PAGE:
Gauher Aftab is a Pakistani comic artist and his latest three-part work ‘The Guardian’ deals with one of the major issues of our time, extremism.
The book follows two idealistic young men who join an extremist group because of its charitable work among the poor.
Both men then find themselves in a militant camp, one takes on board the violent message, the other rejects it and leaves.
Aftab is creating from experience having been encouraged to join an extremist group in the 1990s:“If we don’t act as a society or as people to counter this, then this is something that’s going to get out of hand very quickly and that’s why this is something that’s very close to our hearts. Sooner or later we’ll be discriminating against each other on the basis of the length of our beards or the kind of jeans that we wear and we will be willing to kill each other for that. This is a natural conclusion to this sort of ideology, the acceptance of this type of hatred, and this is true in Pakistan, this is equally true in the west,” said the author.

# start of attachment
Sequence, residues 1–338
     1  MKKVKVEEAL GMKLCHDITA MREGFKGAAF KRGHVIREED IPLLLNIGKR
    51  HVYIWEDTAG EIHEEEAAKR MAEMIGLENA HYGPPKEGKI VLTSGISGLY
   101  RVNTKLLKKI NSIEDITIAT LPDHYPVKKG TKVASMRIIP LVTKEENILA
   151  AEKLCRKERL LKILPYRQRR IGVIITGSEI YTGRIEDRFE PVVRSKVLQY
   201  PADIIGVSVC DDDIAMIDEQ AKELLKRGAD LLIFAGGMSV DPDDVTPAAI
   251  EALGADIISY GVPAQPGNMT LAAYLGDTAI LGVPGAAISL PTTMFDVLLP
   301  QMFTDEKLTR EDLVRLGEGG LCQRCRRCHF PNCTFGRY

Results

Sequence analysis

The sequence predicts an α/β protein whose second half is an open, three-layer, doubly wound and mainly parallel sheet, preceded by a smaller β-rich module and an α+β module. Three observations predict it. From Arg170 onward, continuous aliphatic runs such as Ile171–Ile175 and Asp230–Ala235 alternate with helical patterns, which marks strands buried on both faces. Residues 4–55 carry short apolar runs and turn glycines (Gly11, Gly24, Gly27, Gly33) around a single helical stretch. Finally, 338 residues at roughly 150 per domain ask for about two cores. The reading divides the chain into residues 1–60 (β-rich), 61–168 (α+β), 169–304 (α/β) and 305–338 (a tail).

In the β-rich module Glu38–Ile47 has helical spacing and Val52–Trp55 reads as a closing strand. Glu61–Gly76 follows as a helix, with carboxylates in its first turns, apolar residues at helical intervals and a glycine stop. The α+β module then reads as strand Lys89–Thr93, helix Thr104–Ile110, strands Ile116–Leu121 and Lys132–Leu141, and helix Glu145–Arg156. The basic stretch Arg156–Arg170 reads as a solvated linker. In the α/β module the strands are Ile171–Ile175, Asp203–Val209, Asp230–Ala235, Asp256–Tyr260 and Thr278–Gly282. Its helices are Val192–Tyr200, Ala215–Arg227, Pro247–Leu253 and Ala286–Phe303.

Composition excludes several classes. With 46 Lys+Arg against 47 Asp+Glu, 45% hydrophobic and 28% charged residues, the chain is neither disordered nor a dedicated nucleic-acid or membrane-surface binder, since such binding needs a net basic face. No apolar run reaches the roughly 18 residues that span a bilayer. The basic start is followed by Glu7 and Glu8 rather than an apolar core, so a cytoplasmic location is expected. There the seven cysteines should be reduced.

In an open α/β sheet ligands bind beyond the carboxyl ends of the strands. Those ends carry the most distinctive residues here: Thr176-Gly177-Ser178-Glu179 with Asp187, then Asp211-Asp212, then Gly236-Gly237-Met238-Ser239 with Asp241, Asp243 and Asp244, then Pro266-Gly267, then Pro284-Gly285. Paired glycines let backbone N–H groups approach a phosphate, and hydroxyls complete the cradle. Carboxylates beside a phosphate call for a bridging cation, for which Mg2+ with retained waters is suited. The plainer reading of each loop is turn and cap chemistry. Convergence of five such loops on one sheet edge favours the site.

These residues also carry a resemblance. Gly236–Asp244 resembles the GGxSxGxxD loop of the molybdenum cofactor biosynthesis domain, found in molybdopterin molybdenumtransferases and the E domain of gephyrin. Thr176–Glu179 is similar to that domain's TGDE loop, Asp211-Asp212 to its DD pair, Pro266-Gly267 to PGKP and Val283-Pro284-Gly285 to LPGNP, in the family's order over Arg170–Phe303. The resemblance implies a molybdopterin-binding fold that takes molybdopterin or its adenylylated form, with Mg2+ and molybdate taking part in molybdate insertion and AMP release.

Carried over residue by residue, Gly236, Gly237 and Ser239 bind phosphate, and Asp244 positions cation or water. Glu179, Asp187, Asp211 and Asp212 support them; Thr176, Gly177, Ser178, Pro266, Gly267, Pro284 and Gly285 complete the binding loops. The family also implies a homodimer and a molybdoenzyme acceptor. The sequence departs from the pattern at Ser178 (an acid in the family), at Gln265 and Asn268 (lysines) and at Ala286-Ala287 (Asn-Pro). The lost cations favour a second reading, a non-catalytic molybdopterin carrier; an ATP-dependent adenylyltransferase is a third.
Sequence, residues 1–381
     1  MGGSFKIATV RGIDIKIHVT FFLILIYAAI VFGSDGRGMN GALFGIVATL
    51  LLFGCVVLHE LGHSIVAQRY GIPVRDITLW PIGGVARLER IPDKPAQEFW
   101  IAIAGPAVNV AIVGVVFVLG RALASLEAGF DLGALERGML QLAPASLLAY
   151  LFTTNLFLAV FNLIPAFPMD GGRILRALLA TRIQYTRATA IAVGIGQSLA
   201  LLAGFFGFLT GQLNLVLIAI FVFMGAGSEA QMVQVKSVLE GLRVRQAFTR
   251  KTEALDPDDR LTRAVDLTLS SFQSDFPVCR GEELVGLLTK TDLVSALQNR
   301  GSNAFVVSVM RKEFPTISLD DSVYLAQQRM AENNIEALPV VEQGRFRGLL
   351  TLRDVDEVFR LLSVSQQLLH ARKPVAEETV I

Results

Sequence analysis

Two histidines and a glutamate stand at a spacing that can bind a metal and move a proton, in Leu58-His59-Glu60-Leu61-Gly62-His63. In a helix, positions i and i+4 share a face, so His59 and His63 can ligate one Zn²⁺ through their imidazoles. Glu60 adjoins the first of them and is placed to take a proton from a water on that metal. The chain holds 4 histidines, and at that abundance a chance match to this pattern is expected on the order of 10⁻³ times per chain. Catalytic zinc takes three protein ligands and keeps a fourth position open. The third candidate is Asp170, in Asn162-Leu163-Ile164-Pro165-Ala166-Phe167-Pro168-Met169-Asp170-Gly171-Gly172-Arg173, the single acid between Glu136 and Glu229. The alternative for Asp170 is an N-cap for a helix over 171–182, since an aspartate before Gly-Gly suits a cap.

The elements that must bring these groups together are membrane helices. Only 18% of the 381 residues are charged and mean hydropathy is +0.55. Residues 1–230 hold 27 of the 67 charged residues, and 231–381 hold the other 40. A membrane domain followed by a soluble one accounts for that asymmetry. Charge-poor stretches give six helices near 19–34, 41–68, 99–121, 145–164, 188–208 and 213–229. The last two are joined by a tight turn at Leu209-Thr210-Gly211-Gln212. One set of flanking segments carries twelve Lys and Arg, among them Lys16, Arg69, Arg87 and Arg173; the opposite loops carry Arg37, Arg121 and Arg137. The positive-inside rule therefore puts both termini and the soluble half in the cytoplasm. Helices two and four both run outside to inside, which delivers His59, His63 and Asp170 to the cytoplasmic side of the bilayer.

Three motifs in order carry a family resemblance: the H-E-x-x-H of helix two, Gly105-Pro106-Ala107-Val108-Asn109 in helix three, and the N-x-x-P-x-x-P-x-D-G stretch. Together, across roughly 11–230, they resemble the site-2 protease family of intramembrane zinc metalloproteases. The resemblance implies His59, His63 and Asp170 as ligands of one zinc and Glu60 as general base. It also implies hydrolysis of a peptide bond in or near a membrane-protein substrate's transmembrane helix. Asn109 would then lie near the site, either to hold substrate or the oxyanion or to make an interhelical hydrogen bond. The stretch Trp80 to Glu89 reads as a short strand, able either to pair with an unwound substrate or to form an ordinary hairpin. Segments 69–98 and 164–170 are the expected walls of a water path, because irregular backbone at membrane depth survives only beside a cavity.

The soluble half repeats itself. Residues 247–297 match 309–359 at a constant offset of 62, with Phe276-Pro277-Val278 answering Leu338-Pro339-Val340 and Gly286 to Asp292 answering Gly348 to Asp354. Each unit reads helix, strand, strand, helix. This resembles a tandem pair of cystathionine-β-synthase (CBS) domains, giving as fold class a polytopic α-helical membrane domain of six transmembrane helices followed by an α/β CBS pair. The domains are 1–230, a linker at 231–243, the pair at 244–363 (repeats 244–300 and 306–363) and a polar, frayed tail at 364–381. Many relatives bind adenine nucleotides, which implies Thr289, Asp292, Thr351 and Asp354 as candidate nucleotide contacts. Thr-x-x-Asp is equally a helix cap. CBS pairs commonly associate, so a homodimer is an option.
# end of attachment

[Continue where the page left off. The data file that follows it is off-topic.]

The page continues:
A free app distributing the work is available and is seen as a vital contribution to counter the narrative of the extremists.
A number of projects are underway to prevent vulnerable young people from falling into the traps set by extremists. In Karachi, friends of the late Sabeen Mahmud, an activist gunned down in April because of her liberal views, have brought together 300 artists to paint over violent graffiti.
Adeela Suleman is an artist involved in the project: “It’s like reading, if you capitulate, if you read it all the time, then somewhere it does leave a mark and especially on young minds, especially our children who are trying to find their way. That’s why. If you talk the language of hatred, hatred will be spread. If you talk about love, love will be spread.”
The civil response to counter extremism will be greatly bolstered by the projects taking place in Karachi and Lahore.